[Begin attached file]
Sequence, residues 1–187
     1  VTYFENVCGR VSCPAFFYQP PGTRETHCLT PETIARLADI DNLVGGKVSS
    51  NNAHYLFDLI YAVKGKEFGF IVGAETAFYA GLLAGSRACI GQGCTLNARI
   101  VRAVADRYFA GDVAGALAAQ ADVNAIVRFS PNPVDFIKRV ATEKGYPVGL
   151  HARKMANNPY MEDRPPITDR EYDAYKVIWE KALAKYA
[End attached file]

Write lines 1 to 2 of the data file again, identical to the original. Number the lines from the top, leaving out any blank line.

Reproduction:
Sequence, residues 1–187
     1  VTYFENVCGR VSCPAFFYQP PGTRETHCLT PETIARLADI DNLVGGKVSS